SEARCH

SEARCH BY CITATION

Keywords:

  • duplicate publication;
  • ethical standards;
  • plagiarism;
  • retractions;
  • scientific fraud;
  • scientific misconduct;
  • self-plagiarism

Abstract

  1. Top of page
  2. Abstract
  3. 1 The Respected Tradition of Chemistry
  4. 2 Retracted Articles
  5. 3 Standards of Ethics in Chemistry
  6. 4 Principal Investigators and Departments
  7. 5 Incentives to Cheat
  8. 6 The Role of Scientific Journals
  9. 7 Fraud
  10. 8 Plagiarism
  11. 9 Duplicate or Redundant Publication
  12. 10 Conclusion

In recent years the incidence of scientific misconduct has increased. While the direct responsibility lies with the individual researcher, the educational role of mentors and research institutions needs rethinking and renewal. Researchers, principal investigators, departments, institutions, funding agencies, chemical societies, publishers, scientific journal editors, referees and editorial board members all have responsibilities in order to maintain the integrity of chemistry within the scientific community and to restore the confidence of the general public in chemistry as a responsible contributor to the solutions of the global problems facing mankind in this century.


1 The Respected Tradition of Chemistry

  1. Top of page
  2. Abstract
  3. 1 The Respected Tradition of Chemistry
  4. 2 Retracted Articles
  5. 3 Standards of Ethics in Chemistry
  6. 4 Principal Investigators and Departments
  7. 5 Incentives to Cheat
  8. 6 The Role of Scientific Journals
  9. 7 Fraud
  10. 8 Plagiarism
  11. 9 Duplicate or Redundant Publication
  12. 10 Conclusion

Chemistry is a basic science with beauty and fascination in itself. At the same time, chemistry is closely involved in society, providing the foundations for areas of applied science such as nutrition, medicine, environment, energy and materials. Collaborations with other disciplines are resulting in many breakthroughs both in the areas of basic and applied research. As chemists, we have a fundamental role to play in society; maintaining our credibility in society depends on our scientific rigor and integrity.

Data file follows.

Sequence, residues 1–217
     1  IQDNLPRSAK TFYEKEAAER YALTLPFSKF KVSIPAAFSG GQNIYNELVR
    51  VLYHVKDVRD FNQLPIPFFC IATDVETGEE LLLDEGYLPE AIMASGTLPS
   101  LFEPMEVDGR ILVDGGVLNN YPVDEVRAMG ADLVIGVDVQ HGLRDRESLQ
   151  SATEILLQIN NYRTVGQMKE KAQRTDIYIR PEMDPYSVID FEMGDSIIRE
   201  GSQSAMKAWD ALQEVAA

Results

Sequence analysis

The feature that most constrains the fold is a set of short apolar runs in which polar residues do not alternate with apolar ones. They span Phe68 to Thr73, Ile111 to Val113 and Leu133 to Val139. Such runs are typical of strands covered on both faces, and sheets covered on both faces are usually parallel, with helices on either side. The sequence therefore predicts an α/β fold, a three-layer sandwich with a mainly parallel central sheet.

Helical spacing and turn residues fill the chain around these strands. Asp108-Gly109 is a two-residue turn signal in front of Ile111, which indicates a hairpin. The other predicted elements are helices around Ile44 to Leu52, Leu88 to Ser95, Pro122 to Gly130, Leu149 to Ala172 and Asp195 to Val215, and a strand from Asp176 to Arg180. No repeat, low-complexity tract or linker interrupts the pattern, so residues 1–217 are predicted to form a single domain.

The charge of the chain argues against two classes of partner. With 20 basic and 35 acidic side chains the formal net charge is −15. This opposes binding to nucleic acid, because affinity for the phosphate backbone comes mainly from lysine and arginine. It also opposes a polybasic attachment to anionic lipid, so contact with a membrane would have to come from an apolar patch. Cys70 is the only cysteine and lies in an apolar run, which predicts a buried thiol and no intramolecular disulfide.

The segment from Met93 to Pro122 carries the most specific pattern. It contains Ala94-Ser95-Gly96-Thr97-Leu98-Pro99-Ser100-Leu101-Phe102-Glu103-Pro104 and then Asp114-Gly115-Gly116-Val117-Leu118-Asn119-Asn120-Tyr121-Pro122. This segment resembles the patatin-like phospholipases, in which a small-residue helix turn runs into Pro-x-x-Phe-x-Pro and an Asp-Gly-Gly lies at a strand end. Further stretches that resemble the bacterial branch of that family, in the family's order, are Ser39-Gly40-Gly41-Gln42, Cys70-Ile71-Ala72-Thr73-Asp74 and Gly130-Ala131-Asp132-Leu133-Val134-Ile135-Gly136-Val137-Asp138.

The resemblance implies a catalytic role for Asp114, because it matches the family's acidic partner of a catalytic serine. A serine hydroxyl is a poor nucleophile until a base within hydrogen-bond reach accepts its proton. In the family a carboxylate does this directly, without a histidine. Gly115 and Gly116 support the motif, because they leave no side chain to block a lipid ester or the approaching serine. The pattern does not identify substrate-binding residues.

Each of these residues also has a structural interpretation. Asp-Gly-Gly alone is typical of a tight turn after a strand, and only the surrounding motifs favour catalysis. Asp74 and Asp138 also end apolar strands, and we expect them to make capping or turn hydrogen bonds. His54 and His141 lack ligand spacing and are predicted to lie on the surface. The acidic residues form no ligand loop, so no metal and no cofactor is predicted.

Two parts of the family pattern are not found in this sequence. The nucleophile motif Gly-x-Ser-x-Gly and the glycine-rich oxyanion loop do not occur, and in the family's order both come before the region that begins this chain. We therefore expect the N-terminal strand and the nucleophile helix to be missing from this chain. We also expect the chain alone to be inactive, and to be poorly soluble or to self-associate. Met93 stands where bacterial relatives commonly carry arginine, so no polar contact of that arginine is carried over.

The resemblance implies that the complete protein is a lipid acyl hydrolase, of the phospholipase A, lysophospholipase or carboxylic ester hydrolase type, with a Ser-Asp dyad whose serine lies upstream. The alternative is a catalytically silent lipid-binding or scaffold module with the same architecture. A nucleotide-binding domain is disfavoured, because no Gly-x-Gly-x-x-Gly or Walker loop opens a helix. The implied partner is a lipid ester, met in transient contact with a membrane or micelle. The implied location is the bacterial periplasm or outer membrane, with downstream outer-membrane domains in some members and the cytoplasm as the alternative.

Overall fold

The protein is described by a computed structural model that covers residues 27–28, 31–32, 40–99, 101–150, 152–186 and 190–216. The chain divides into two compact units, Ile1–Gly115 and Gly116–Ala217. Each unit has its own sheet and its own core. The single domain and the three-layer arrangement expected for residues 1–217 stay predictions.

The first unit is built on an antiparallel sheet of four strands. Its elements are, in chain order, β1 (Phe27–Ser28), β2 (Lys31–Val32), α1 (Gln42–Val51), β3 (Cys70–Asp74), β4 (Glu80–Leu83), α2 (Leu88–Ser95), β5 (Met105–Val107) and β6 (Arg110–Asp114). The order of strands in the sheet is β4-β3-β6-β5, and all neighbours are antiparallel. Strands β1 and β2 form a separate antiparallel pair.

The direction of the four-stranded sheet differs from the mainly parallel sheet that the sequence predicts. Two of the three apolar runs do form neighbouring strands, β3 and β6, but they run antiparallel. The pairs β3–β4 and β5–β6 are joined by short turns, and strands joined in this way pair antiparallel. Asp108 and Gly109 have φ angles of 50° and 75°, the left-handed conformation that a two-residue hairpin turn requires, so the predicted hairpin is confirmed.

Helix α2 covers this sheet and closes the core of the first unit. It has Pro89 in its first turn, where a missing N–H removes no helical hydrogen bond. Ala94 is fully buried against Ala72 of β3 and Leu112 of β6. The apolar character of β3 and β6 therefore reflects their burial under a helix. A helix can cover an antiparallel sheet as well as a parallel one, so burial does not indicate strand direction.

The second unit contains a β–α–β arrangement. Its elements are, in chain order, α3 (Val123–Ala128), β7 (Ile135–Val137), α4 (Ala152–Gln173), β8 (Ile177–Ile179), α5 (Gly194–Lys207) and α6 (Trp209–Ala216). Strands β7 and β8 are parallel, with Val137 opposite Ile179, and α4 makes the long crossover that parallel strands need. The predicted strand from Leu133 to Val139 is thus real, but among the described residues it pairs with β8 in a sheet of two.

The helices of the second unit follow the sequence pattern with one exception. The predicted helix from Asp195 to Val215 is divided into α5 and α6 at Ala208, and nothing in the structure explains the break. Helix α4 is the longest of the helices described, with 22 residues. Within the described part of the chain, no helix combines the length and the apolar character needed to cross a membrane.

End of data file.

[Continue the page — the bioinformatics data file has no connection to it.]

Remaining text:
Chemistry has a long tradition. We did not learn to be chemists solely by reading books; when we launch our careers as young scientists, we are heavily influenced by our first mentors. As Polanyi wrote in 1946, “Science is what scientists do.”1 Later in 1964 he wrote, “The authority of science resides in scientific opinion. Science exists as a body of wide-ranging authoritative knowledge only so long as this consensus of scientists continues. It lives and grows only so long as this consensus can resolve the perpetual tension between discipline and originality. Every succeeding generation is sovereign in reinterpreting the tradition of science. With it rests the fatal responsibility of the self-renewal of scientific convictions and methods. To speak of science and its continued progress is to profess faith in its fundamental principles and in the integrity of scientists in applying and amending these principles.”1

2 Retracted Articles

  1. Top of page
  2. Abstract